Sheth Jeebun a well-known and established name in care home services in the UK

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Care homes strengthen healthcare industry by providing specialised care. However rising costs, growing regulatory overreach, and blame culture, pose challenges to the care home industry.

Sheth Jeebun, a well-known and established name in care home services in the UK, is enthusiastic about care for the elderly. A resolute healthcare professional with over 30 years of experience, Sheth Jeebun says an increasing number of South Asians in the UK are also moving the elderly to care homes.

From the excerpts of the interview, ShethJeebun shares his philosophy about caring for the elderly, the challenges, and contemporary trends. Excerpts:

Q: As an operator of care to the elderly what has been your experience like?

It is not a job you do, driven by money, but by compassion. Care homes have a minimum standard and being good is the minimum we aim to achieve.

Q: How was it like in your care homes during the pandemic as elderly people suffered more than any other group?

The pandemic has been one of the saddest and most horrific events the elderly care industry has seen to date. The loss of a loved one is traumatic, but not being able to see or say goodbye has made it worse. Although death is a large part of what we do, we aim for a good, dignified death with time to grieve. This was not possible in the pandemic.

Staff felt unsafe in care services, and had to choose between family and work, often creating an inconvenient situation for us. Now that the pandemic appears to be ending, the local authority, social workers, CCGs and CQC are making appearances again. We have managed in highly challenging conditions for a prolonged period, but the expectation is we should be exactly where we were when they stopped supporting us.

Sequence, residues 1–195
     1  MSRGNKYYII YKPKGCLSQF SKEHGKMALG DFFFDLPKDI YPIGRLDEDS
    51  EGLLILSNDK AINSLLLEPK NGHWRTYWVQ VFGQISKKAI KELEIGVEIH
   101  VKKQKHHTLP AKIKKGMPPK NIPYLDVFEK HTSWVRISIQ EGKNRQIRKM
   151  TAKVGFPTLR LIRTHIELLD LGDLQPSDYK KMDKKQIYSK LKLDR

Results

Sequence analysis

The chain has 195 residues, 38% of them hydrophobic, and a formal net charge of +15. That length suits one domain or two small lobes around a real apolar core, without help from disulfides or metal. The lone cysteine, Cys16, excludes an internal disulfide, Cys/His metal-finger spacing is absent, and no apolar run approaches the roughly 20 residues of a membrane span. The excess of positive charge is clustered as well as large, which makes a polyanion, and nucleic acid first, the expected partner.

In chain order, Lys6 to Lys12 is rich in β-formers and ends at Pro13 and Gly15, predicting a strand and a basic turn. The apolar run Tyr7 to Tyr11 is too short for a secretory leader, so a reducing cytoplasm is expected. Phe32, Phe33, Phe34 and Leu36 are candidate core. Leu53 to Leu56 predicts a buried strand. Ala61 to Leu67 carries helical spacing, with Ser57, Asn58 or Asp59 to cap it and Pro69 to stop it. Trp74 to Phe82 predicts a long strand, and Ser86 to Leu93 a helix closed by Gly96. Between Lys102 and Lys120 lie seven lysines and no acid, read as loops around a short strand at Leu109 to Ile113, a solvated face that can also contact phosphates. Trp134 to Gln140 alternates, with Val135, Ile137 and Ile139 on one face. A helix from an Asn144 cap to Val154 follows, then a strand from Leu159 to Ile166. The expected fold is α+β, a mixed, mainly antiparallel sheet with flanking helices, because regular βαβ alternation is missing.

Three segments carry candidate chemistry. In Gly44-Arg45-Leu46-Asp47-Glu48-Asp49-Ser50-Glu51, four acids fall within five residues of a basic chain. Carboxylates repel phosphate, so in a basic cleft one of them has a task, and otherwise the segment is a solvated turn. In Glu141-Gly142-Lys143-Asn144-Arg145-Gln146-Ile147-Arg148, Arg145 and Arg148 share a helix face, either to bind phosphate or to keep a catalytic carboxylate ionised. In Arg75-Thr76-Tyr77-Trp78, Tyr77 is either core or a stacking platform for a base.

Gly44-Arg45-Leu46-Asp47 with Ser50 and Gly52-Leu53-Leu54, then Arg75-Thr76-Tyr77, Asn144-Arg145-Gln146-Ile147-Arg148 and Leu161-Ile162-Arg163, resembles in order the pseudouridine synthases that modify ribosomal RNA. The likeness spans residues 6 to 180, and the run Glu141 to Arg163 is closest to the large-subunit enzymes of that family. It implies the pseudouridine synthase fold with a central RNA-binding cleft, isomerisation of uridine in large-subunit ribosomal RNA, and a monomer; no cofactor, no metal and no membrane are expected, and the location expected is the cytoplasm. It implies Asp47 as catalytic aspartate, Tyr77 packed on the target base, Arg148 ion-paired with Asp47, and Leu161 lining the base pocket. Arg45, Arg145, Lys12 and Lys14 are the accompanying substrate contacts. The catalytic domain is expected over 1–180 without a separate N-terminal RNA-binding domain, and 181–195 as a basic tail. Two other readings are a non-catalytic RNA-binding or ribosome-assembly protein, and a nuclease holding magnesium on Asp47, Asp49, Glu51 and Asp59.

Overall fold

Q: Why are care homes needed and what role are they playing in public service?

Care homes strengthen healthcare industry by providing specialised care to people who are not able to support themselves fully at home and do not have other support structures in place.

Q: Please tell us if increased Asians like Indians and Pakistanis are also moving elderly to care homes?

Yes, they are.

Q: What are the attitudes of Asians towards care homes in the country? And do you think this model needs to be adopted in South Asian and Gulf countries?

Over time, attitudes have changed, and Asians in UK are following the same pattern as the British. We should not adopt this model, but it is undeniably the inevitable.

Q: So how did you get into this field?

I underwent nurse training to be able to get my stay in UK, and the care industry followed suit.

Q: What are the biggest challenges of care sector and what are the opportunities?

The continued challenge in care is funding and accountability. Managing the government, CQC and organizational ideals with limited finances. Any business is possible only within budgetary constraints. Within care, this is often set by the government and then passed on to a care provider to interpret and set a budget. Amid increased care needs, higher government expectations, greater CQC governance, and rising cost of living, more funds are not available. And in case of mistakes, there is a blame culture with no fair distribution of accountability. There are great opportunities, but it is an extremely hard, painful way to make money.

Q: There is a growing trend of British Asians joining this sector as a business model. What is the reason for that?

It is simply because Asians are caring people. It is in our blood.

Q: What kind of services are provided to elderly in care homes and is this true that regulations are strict?

There are multiple kinds of elderly care service provision, including residential care, nursing care, dementia care, disability care, palliative care, home care, live-in care, supported living, daycare, retirement villages, and others. Yes, the regulations are too strict.

Q: As an Asian businessperson, what has been your experience like and what will be your advice to others?

My advice would be that you can keep your basic values of helping people and giving back to the community, and still be successful and make money in this business.


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